“We’re becoming a hodge-podge society. We’d be much better off if we thought this through and created a policy that protected fundamental values — privacy, confidentiality, liberty and public health — and balanced those in a way that was open, transparent and rationally defensible, and we haven’t done that.”

Arthur Schafer, founding director of the Centre for Professional and Applied Ethics at the University of Manitoba in Winnipeg

As a steadily rising number of fully vaccinated Canadians emerge from hiding to test the gradual return to pre-pandemic normalcy, a conundrum looms: what to do about those who, for whatever reason, haven’t had a shot?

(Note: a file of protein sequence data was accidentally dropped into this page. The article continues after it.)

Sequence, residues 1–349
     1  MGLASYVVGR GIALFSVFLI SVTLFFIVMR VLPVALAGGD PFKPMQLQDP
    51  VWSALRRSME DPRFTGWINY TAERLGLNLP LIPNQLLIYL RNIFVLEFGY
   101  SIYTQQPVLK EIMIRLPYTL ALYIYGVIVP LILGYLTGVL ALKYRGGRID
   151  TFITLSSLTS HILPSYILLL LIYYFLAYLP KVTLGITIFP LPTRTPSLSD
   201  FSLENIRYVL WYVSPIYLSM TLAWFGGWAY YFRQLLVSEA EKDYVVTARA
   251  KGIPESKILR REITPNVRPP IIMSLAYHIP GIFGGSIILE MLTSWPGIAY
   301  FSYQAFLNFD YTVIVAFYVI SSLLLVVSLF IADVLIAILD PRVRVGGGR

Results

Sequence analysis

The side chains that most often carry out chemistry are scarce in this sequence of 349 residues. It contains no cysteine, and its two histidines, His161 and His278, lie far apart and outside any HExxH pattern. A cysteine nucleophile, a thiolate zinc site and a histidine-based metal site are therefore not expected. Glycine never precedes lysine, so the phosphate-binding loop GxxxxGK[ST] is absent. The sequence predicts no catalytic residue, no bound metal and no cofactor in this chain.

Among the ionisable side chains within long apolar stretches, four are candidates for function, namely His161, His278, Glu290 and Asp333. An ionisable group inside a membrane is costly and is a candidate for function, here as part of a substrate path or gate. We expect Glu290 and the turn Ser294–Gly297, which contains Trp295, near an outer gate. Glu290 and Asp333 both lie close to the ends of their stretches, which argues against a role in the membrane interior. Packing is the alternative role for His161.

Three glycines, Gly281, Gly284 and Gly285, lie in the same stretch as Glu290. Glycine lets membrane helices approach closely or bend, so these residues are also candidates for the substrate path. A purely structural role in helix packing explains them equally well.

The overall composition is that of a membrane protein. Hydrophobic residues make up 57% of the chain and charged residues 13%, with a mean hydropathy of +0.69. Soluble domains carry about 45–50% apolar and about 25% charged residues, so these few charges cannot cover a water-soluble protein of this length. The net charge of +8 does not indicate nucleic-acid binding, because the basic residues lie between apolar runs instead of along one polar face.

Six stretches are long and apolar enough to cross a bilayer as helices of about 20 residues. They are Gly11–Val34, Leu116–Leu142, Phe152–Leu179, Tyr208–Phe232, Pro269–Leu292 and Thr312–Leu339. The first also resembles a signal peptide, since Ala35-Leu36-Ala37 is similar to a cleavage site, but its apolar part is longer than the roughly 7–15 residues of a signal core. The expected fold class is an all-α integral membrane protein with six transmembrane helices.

Striking the proper balance between public health and personal freedom, and figuring out whether one must be relinquished to protect the other, will become increasingly key as the country reopens.

For a growing number of jurisdictions and institutions, the solution is a vaccine passport, a document the bearer can show as proof of immunization against the coronavirus in order to be granted certain freedoms. On the flip side, those who can’t produce such evidence because they couldn’t or wouldn’t get vaccinated could be denied access to businesses, flights and university dorms, to name just a few potential inconveniences.

READ FULL ARTICLE HERE > https://www.cbc.ca/news/canada/ottawa/vaccine-passports-privacy-1.5972943

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